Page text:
Unlike Thrust SSC which was propelled by two Rolls-Royce Spey 202 turbofan engines, Bloodhound SSC will be equipped with a single EJ200 Eurofighter Typhoon jet engine, which will provide 20,000 lb of thrust. But as well as the jet engine, Bloodhound SSC will be equipped with a hybrid rocket that will provide an additional 27,500 lb of thrust.
The final design of the car places the heavier 1,000kg jet engine, above the smaller 400kg rocket. This was a relatively recent change, with the Bloodhound SSC website still stating that the rocket will reside above the jet engine. According to John Piper, the improved computational power provided by Intel allowed new computational fluid dynamic (CFD) simulations to be run, resulting in the radical change of design.
There's also an 800bhp V12 engine on-board, acting primarily as a fuel pump for the rocket! The rocket needs a tonne of High Test Peroxide (HTC) pumped in 22 seconds at 1,200psi, so your average automotive fuel pump wasn't going to cut the mustard. The V12 lump is also used to start EJ200 jet engine and power all the hydraulic systems on the car.
But all that power doesn't count for much unless you've got wheels that can cope with it, and the consequent speed. Here, the Bloodhound SSC team have called on Lockheed Martin for help, and the legendary aircraft builder has managed to create a wheel that should, in theory, withstand the force or travelling at 1,000mph and 50,000rpm. The wheels are constructed from forged aerospace-grade aluminium, but as of yet a mounting mechanism hasn't been designed.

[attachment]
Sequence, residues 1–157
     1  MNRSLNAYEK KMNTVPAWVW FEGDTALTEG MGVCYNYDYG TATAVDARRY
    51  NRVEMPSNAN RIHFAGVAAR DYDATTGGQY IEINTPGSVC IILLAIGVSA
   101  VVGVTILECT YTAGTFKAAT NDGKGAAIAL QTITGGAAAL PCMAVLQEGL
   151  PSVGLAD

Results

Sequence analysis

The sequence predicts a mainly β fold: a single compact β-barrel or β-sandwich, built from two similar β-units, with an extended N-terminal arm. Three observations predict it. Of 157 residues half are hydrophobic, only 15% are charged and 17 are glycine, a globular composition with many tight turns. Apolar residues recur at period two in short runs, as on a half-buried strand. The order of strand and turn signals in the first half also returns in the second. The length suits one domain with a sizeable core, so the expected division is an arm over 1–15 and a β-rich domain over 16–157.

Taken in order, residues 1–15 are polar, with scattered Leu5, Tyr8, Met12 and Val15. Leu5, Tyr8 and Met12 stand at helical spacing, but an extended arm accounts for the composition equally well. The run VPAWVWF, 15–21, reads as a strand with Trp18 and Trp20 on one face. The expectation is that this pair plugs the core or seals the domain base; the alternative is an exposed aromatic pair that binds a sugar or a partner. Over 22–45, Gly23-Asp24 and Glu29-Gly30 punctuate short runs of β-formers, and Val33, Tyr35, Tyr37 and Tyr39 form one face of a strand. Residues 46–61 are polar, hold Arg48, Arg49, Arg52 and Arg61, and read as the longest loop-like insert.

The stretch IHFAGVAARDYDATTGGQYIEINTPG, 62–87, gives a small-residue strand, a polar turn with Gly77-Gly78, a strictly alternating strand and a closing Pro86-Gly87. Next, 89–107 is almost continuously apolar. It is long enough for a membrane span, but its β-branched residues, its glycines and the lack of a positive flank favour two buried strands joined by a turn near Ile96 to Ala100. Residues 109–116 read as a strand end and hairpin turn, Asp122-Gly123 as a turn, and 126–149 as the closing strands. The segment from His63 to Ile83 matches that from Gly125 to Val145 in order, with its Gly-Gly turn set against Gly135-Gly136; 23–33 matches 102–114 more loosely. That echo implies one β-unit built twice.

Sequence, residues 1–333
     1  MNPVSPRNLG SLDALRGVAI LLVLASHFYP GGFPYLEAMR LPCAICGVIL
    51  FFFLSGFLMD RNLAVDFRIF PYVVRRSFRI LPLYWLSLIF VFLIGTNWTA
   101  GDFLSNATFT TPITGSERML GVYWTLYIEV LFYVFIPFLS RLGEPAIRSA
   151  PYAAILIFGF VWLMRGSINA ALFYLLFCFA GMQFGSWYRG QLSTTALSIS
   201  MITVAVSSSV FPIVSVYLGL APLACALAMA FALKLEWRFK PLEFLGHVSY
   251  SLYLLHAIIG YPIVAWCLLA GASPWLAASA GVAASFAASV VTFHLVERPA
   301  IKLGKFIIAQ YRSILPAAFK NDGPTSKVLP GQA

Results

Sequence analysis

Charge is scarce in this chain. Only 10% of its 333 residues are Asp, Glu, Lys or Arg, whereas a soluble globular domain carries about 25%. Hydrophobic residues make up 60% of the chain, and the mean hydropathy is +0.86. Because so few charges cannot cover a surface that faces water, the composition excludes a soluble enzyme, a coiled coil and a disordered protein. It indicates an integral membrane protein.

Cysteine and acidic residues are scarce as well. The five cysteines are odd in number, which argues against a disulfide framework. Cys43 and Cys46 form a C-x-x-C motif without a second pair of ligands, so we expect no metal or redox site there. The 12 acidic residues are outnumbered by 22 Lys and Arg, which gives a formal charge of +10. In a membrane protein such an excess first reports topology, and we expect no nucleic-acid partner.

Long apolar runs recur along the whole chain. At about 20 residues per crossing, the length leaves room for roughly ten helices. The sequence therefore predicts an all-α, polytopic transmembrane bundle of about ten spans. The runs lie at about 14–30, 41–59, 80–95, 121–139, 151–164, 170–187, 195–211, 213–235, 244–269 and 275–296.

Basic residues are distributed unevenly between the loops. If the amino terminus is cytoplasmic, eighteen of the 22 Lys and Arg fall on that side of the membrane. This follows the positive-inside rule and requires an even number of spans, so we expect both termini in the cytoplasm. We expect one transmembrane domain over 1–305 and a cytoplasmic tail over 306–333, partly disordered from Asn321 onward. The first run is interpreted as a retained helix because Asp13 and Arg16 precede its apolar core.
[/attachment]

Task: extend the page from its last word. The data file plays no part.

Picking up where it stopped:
As you can see from the graph below, Bloodhound SSC will take approximately 100 seconds to complete its ten mile run. The measured mile, on which the record attempt will be judged comes between 40 and 50 seconds into the run, and this is where Bloodhound SSC has to hit its peak. Clearly the team is looking to peak at over 1,000mph to ensure that the average speed over the measured mile is in excess of that magic number.
Two runs are required for the record attempt and the second run must be performed less than an hour after the first. That doesn't leave the team a lot of time to turn the 6.5 tonne car around, refuel and prep it - but then, nothing good comes easily.